The Human Side of
IN our normal lives, we know intuitively that people respond best to us if we appeal to their better instincts, whether to their desire to achieve or to a desire to be friendly or even to merely look good. Most people routinely try to establish some non-monetary basis to their relationships including that with the neighbourhood shopkeeper if only in an effort to ensure that they do not get cheated. Yet the same persons in an office situation often assume that people work only for money and material benefits.
How often have most of us told our domestics that it is their job to make the silver shine and that we are not going to police their movements on a daily basis. This does not mean that we don’t do such policing; merely that we try to reduce it’s incidence in an attempt to make them feel more responsible for what they do. So why is it that while people routinely apply these principles of man-management in their personal lives, these are just as routinely thrown out the window when it comes to man management in offices?
In this classic book, perhaps one of the most cited texts in the social sciences, McGregor tries to show that management strategies based on appealing to the finer instincts in human nature, now famous as "Theory Y", is a more effective way to manage people than appealing to their desire for filthy lucre which is "Theory X".
It is sometimes said that Theory Y amounts to an abdication of responsibility. Actually McGregor says nothing of the kind. He merely reiterates what should be common sense: that merely issuing an order does not mean ipso facto that it will be obeyed and since the job is to get the job done, perhaps managers should be looking for ways to ensure that the order gets obeyed rather than to debate whether it should be issued at all. He says that the context should determine action: that authority is perfectly appropriate as a means of influencing behaviour under certain circumstances but in others, other means of influence may work much better. In short, employees will work much better if they believe in what they are being asked to do rather than if they are merely ordered to.
Both theories are based on entirely different assumptions about the way in which human beings behave: while Theory X believes that it is natural for humans to shirk responsibility and to perform the minimum work possible, Theory Y believes that people are worthy of trust and respect and if given the opportunity to do so, will work on their own. So while Theory X managers set up elaborate systems of standardisation, control and policing to ensure minimum deviation from work norms, Theory Y managers rely more on integration of organisational and individual goals and self-control to achieve the same objective. Theory X managers rely on performance appraisal while Theory Y managers rely more on self-appraisal.
Theory Y strategies emphasize the need to treat all employees as human resources who can contribute productively to the organization rather than merely as cogs in a bureaucratic wheel. However, McGregor’s emphasis on the importance of individual innovation, on employee participation and the need to reduce standardisation and formalised procedures needs some qualification. In these days of ever expanding organisational size, standardisation such as the Six Sigma approach forms an essential basis for continuous improvement.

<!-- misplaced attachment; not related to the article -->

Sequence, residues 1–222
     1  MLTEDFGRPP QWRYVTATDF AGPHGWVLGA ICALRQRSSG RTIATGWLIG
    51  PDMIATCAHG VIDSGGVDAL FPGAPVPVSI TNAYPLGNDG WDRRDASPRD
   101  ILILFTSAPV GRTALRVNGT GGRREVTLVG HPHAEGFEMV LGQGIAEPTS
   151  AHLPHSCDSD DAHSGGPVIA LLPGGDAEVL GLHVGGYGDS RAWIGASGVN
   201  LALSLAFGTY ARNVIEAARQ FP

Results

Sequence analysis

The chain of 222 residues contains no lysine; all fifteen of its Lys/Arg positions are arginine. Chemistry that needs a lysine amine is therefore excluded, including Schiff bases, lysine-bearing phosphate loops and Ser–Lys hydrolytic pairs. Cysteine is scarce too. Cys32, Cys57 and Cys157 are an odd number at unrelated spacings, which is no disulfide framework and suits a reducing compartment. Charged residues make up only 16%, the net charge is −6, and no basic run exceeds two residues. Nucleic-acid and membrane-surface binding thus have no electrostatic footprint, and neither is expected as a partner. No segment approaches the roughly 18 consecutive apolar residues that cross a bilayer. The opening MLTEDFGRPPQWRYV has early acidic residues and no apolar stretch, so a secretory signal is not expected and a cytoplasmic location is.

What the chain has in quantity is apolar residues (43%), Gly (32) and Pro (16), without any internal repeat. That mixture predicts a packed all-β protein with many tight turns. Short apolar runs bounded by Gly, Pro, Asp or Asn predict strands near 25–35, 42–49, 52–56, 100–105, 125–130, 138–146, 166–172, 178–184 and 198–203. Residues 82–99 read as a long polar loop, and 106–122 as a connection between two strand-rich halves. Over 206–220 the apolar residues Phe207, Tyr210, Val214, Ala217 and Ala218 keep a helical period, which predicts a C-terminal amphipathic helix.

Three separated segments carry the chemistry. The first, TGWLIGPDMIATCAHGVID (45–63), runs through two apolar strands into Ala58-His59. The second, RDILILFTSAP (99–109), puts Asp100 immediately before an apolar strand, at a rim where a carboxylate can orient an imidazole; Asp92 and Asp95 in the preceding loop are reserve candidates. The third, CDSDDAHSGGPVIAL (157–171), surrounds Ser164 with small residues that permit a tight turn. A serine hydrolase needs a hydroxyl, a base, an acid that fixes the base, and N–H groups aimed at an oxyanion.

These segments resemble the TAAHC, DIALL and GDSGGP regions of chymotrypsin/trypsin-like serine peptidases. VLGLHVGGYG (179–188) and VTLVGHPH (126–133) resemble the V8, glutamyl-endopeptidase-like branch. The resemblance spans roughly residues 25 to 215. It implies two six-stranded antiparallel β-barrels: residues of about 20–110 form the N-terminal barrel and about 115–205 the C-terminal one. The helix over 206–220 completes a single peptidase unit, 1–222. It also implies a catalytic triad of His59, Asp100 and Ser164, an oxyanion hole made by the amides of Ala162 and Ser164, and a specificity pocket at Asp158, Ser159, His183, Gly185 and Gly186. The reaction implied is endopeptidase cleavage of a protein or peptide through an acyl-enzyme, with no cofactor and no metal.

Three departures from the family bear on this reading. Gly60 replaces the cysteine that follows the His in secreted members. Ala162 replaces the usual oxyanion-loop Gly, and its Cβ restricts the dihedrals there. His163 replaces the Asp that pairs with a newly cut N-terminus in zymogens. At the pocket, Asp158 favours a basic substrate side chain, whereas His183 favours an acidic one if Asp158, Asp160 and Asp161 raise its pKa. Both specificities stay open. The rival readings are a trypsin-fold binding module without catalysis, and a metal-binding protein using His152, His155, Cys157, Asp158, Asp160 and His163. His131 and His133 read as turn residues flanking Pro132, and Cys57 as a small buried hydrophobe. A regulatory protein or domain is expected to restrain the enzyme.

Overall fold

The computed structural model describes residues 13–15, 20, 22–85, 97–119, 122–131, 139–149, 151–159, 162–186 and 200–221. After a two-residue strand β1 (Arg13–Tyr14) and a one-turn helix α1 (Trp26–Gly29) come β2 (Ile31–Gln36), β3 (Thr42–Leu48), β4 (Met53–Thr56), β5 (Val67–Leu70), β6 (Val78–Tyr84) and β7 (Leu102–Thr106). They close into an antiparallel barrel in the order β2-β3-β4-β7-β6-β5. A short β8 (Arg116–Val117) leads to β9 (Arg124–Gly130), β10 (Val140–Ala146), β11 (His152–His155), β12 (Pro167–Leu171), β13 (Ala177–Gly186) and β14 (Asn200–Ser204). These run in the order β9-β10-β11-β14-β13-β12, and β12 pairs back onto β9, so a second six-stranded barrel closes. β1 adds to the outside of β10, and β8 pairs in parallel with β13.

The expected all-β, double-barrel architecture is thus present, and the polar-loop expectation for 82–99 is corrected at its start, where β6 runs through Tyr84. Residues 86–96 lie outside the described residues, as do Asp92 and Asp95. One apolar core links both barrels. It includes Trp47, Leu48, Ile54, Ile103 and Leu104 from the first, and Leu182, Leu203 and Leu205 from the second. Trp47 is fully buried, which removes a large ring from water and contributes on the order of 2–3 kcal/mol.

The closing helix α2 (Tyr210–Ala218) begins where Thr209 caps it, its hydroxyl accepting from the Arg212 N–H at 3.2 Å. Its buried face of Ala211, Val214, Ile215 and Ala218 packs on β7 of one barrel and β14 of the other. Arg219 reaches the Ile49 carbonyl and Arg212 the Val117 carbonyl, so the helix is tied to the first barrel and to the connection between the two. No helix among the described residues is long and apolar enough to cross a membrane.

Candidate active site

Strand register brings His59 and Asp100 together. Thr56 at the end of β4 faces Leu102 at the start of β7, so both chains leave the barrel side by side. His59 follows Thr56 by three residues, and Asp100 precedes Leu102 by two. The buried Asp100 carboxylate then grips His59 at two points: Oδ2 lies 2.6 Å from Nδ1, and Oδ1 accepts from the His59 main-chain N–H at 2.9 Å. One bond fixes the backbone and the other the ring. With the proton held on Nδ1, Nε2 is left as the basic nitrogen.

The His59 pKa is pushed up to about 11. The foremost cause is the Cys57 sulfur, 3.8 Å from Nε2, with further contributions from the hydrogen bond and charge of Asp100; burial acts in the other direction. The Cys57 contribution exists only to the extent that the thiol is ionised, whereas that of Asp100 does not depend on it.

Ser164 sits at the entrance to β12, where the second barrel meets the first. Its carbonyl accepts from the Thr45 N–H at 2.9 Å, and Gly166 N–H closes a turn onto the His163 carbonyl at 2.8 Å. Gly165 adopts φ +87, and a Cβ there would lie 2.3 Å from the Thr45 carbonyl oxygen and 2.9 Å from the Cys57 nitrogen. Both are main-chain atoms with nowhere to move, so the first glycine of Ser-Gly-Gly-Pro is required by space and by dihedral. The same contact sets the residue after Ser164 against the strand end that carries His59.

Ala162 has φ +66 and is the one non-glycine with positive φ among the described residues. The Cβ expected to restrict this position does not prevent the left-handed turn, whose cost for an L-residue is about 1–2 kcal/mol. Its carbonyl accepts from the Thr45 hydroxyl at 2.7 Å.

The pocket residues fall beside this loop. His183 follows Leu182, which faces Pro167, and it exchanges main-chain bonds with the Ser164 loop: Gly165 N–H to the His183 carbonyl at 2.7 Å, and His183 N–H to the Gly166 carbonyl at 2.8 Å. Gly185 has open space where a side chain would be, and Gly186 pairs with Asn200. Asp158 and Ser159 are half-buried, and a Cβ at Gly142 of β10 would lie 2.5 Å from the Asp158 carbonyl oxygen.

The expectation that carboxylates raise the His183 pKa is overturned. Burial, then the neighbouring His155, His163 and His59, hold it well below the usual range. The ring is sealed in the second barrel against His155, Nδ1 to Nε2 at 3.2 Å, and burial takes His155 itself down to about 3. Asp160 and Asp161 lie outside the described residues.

But the point about the importance of recognizing and enabling individual contribution is one worth noting for all organizations whether public or private. How often do people in the line departments/field jobs bemoan that if the management would only listen to some of their feedback, it would cut down on costs significantly.
Often organizations spend enormous amounts on hiring private consultants to write reports for them and then they spend even more on getting their employees to accept those reports while in most cases, the consultants merely articulate what some employees were saying anyway, had the managements cared to listen. In the private sector, the costs of such an exercise are monetary and tangible. In the government, the long-term costs of ignoring feedback are more intangible but far more destructive and the losses are far greater. A story told by P Sainath comes to mind in which in its zeal to distribute a new and improved breed of bulls in Orissa, the government successfully destroyed the old and hardy breed of the animal which had existed for time immemorial.
McGregor’s propositions are now part of management lore, yet Theory Y practices are the exception rather than the norm. One reason could be that Theory Y management styles are necessarily more subjective and require a great deal of skill and maturity to implement. Theory X on the other hand can work without much fine-tuning provided an overall organisational structure and reporting hierarchy exists. Another reason could be that Theory Y approaches require the kind of relative transparency and information sharing with employees which many companies might not be comfortable with. However, one gets a feeling that the real reason may well be that Theory Y demands a great deal of faith in human nature which perhaps is diminishing in our society day by day.
The commentary and annotations by Joel Cutcher-Gershenfield add a great deal to the book. They put McGregor’s insights in perspective and also show the myriad developments set in motion by his prescient propositions. The book is a veritable treasure trove of ideas and has something to offer to almost any lay reader who wishes to give some formal basis to his instinctive knowledge about how to make people work better.